Forever Warring

I read the Forever War a month-or-two-ish ago and shared a few comments. Although it’s no longer fresh in my mind, I’d like to mention some further thoughts before it all fades beyond recall or desire!

*Spoilers Ahoy*

In a lot of ways Haldeman’s military scifi story reminded me of Starship Troopers. Ironically, though a lot of Heinlein’s work is often weirdly sexualized, I don’t remember Starship Troopers suffering from this problem. I say “ironically” because Forever War does include quite a bit of sexuality.

It didn’t turn me off as much as, say, Glory Road’s sexual stuff did. Maybe this is because in Forever War it seems more intended to serve the story rather than to satisfy some lewd dream of the author.

It was quite shocking, especially considering this was written in the 70’s and not in 20XX.

Eventually everyone on earth is gay and the protagonist and other old war fossils like him are the deviants. Quite a turn. Wonder how far off from reality, though.

Later on he finds even his mother has gone gay. You can see this stuff bothers him, but part of me wanted to see the reaction of a normal, red-blooded soldier without all the hippie “tolerance.” I imagine things would have gotten more explosive and probably not gone so well for him.

An interesting, though somewhat wonky, concept is the idea of a global economy based on calories (k) as currency. There area few points where Haldeman goes back and forth between calories and dollars, so that is a little inconsistent.

Look, Apple Pay!

Ah taxes.

The most chilling part of the story is the result of socialized healthcare operating with limited resources. People become numbers.

Damn.

Well, the story wraps up on a happier note. The war, it turns out, was all based upon a (silly?) misunderstanding! Now the glorious clone empire reigns supreme, and all it wants is to make everyone happy!

Eh, at least the main guy (I’m not sure if he’s a hero) gets the girl in the end.

Not exactly an uplifting read, but there’s a lot to appreciate here, if even just the eerily prescient-seeming dystopian notes it hits.

-Bushi

bushi

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7 thoughts on “Forever Warring

    1. Gone too long. The whole point of the “forever” war is that because of time dilation dozens if not hundreds of years pass while you are on each deployment.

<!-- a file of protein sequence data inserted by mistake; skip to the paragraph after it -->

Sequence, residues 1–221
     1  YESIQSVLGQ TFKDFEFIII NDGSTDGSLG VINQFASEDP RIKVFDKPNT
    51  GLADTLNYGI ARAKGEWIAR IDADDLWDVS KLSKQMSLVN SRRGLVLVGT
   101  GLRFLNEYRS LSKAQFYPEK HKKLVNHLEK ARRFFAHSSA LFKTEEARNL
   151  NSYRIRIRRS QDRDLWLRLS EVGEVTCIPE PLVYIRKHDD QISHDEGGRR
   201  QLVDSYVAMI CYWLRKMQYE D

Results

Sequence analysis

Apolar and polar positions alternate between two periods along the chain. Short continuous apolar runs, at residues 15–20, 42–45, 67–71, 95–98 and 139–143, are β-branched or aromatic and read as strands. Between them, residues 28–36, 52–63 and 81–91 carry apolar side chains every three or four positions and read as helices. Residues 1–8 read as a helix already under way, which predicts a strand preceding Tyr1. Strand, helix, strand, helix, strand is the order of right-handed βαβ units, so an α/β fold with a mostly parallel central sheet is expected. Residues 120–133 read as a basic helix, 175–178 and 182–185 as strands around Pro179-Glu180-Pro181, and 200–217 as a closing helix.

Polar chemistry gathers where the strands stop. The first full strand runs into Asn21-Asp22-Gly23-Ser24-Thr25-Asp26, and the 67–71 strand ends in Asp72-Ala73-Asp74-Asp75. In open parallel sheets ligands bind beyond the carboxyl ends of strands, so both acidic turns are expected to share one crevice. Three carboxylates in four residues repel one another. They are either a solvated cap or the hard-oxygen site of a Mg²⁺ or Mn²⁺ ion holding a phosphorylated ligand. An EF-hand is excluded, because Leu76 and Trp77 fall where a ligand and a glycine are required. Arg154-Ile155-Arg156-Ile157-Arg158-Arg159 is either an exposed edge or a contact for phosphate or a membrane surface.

I believe Forever War was a direct reaction to Starship Troopers (and Vietnam, where Haldeman served as a combat engineer). There are at least three major books that are reactions to Starship Troopers by my count–Forever War, Bill the Galactic Hero by Harry Harrison, and Old Man’s War by Scalzi. I’ve only read Forever War. I really want to do a series and cover all four (and the Starship Troopers movies) at some point.

      Liked by 2 people

      1. Oh man, Bill the Galactic Hero. What a grand farce that was! I hope you can enjoy it.

        I really liked Starship Trooper, probably because I didn’t even try to analyze this, that or the other and just let it be a military story. Even if Heinlein WAS trying to say something, I find him a better author when I ignore him ;-)

        Liked by 2 people

      2. Yeah, that’s kind of what I got from it, when I think about what he was trying to say. You go away to war, and everything changes. Difficult or impossible to return and resume a normal life.

        Liked by 2 people

      3. Forever War and Starship Troopers do make for an interesting conversation if read together. Old Man’s War doesn’t have anything to add to that conversation. I’d suggest Armor instead.

        Liked by 2 people

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